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  • Linux on ARMVIA Technologies has announced the VIA VAB-800 Pico-ITX board powered by a Freescale i.MX537 (ARM Cortex A8) processor clocked at 800MHz or 1GHz depending on the requirements, with 1GB DDR3-800 SDRAM and support for eMMC Flash with a capacity of up to 64 GB. The VIA VAB-800 is an industrial board that can operate in a wide temperature range and targets high-end industrial and in-vehicle embedded applications.

  • Linux on ARMWe've added new installation instructions, a root filesystem, and packages to bring support to Olimex's OLinuXino board. This device is based on the Freescale i.MX233 SoC at 454MHz with 64MB RAM, 10/100mbit ethernet, audio in/out, and NTSC or PAL composite video out. It also provides a wealth of connectivity easily accessible over standard connectors which should inspire those looking for a device to run home automation or robotics to name a couple applications.

  • Linux on ARMDmitry (omgfire), one of my awesome readers, compiled a great tabular list of Linux friendly boards and products that sells for less than $300 US (usually less than $200). This list includes technical details such as the processor, GPU, memory, NAND flash, connectivity, ports, supported Linux distributions… as well as availability and pricing information.

  • Linux on ARMThe new wave of fun geek toys is inexpensive, hackable, tiny Linux-powered ARM computers, and they're red hot. This is the year to go small.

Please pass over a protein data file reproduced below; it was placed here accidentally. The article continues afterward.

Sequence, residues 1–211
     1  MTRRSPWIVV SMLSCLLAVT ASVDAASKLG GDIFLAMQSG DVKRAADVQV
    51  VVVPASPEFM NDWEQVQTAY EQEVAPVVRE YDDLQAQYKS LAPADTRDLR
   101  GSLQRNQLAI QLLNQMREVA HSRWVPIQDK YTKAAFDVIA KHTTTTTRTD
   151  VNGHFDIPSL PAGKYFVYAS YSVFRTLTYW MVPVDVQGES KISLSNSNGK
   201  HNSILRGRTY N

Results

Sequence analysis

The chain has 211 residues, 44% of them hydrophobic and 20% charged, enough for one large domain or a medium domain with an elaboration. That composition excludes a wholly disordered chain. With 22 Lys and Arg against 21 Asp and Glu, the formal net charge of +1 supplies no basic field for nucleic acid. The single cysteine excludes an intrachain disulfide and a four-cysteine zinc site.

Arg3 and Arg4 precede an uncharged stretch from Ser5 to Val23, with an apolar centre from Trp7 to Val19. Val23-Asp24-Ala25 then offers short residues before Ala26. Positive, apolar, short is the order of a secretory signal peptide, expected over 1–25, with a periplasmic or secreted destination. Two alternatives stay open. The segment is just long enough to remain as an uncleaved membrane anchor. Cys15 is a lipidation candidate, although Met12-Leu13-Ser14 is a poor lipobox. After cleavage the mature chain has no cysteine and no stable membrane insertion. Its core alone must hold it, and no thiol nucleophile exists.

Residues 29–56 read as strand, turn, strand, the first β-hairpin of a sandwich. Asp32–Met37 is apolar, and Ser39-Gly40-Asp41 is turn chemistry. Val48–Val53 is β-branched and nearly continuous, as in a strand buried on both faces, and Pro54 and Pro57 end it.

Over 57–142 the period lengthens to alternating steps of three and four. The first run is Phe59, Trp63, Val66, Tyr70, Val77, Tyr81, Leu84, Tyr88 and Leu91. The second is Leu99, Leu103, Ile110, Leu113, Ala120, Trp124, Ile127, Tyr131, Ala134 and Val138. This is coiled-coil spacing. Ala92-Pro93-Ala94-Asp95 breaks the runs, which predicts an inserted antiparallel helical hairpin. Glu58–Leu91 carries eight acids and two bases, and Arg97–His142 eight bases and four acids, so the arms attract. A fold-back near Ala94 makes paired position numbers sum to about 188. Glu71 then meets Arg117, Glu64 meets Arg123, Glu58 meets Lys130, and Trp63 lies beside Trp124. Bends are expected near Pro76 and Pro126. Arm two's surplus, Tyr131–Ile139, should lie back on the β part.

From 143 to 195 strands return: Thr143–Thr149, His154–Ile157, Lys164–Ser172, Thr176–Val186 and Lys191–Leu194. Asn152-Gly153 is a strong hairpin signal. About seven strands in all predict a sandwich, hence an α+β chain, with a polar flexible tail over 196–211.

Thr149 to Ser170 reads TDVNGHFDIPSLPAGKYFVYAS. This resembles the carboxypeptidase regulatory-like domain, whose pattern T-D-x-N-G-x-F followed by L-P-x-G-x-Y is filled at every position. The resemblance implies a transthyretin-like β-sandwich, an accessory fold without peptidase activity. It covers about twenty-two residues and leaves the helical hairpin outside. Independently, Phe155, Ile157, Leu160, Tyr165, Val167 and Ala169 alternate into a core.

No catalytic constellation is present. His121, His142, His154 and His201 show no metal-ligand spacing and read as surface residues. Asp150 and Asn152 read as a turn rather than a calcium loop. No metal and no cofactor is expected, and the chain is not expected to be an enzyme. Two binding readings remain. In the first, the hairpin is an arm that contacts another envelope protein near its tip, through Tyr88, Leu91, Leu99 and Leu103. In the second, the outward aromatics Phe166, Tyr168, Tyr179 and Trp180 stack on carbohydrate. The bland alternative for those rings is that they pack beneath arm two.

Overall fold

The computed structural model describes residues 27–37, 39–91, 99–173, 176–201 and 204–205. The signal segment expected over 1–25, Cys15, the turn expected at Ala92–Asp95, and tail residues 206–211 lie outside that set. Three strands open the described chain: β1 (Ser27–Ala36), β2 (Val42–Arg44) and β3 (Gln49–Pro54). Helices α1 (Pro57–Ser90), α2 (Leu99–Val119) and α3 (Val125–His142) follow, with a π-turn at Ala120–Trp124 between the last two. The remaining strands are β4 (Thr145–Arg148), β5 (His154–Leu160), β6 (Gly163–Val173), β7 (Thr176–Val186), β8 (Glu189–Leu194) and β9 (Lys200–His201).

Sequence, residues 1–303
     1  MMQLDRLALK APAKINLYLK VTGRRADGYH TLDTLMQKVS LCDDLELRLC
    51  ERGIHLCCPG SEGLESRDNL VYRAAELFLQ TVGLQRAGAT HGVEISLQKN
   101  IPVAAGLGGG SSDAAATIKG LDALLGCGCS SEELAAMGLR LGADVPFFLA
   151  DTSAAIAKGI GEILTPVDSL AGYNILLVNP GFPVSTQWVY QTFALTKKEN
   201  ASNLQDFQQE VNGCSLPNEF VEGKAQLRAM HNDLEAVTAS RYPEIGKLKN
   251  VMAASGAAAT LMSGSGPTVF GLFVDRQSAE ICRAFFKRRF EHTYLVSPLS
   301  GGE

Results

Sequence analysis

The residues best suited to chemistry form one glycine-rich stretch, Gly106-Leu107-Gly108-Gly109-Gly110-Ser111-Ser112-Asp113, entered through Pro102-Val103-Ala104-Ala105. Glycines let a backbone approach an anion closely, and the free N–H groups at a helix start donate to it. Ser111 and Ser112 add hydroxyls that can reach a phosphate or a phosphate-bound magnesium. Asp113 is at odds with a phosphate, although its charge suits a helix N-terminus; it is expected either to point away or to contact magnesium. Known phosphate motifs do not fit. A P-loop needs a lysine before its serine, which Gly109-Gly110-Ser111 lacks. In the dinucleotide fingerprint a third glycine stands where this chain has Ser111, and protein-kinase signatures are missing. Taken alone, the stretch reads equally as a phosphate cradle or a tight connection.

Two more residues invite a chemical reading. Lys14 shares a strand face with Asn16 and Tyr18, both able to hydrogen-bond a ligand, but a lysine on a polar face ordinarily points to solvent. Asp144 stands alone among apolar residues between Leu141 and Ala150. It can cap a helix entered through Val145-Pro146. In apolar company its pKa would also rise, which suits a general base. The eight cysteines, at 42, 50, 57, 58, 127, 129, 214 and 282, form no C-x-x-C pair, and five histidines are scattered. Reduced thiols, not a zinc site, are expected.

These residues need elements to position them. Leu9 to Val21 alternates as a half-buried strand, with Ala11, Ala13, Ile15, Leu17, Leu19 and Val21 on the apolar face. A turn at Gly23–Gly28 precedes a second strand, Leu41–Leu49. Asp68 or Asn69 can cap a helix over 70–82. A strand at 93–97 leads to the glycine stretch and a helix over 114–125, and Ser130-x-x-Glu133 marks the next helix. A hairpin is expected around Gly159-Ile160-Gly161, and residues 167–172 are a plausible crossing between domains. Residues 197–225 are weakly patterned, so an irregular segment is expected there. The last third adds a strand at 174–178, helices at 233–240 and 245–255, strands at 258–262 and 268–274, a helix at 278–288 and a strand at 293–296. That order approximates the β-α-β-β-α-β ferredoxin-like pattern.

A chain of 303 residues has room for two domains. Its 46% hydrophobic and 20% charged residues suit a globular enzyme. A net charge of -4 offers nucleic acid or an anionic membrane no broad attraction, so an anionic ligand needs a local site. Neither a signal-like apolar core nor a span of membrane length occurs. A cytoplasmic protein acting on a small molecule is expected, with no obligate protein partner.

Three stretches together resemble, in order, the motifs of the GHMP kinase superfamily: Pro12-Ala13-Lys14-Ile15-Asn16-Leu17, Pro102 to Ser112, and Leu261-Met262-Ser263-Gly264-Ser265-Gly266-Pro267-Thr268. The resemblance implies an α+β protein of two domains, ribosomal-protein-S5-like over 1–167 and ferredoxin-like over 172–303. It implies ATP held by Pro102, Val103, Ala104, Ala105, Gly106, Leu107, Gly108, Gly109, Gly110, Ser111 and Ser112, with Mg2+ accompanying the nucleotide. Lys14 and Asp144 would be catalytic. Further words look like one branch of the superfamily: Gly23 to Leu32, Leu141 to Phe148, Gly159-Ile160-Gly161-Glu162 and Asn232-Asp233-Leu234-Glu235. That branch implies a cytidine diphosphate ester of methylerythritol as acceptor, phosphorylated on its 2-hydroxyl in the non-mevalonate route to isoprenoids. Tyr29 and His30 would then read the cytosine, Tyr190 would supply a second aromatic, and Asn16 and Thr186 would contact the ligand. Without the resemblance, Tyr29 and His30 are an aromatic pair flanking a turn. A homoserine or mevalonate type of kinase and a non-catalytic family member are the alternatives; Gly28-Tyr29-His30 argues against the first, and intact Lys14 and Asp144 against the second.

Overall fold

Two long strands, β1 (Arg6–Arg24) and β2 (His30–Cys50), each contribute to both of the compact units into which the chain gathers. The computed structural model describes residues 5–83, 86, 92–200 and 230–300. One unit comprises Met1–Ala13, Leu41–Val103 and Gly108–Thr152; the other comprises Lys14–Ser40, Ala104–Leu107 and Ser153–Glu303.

• Linux on ARMIf you haven't heard of the open platform-friendly, inexpensive Linux-powered computing platform known as Raspberry Pi by now, you will be for years to come. Just as the Altair hailed the era of the personal computer, the Raspberry Pi is ushering in a new era of powerful, stunningly low-cost PCs on a board not much larger than an Arduino Uno.

  • Linux on ARMThe Raspberry Pi folks have been getting a lot of attention for their $35 PC with an ARM-based processor and support for some open source software. But as the cost of computer components continues to drop, the Raspberry Pi is hardly the only inexpensive PC capable of running Linux.

  • Linux on ARMThe Raspberry Pi $35 Linux computer sold out within hours of going on sale in February - with demand for the device reportedly hitting 700 orders per minute. The upshot is a lot of people who wanted the credit card-sized Raspberry Pi have been left empty-handed - with anyone ordering the device today unlike to receive one until about July.

  • Linux on ARMMake it small, make it cheap, and people will buy it. - Two tiny, single-board Linux computers with sweet names that debuted at nearly the same time have attracted disproportionately large attention from PC consumers this week: the Raspberry Pi, and the FXI Cotton Candy.

  • Linux on ARMMany were talking yesterday about why the forthcoming $25/$35 Raspberry Pi system won't ship in kit form, but of more interest to Phoronix readers out of that blog post would be the details concerning their Linux graphics driver stack and what they will be supporting.

  • Linux on ARMPHYTEC’s production-ready phyCORE-OMAP4430 and Linux BSP provide a core foundation so that developers do not have to design an OMAP4 based embedded application from the ground up.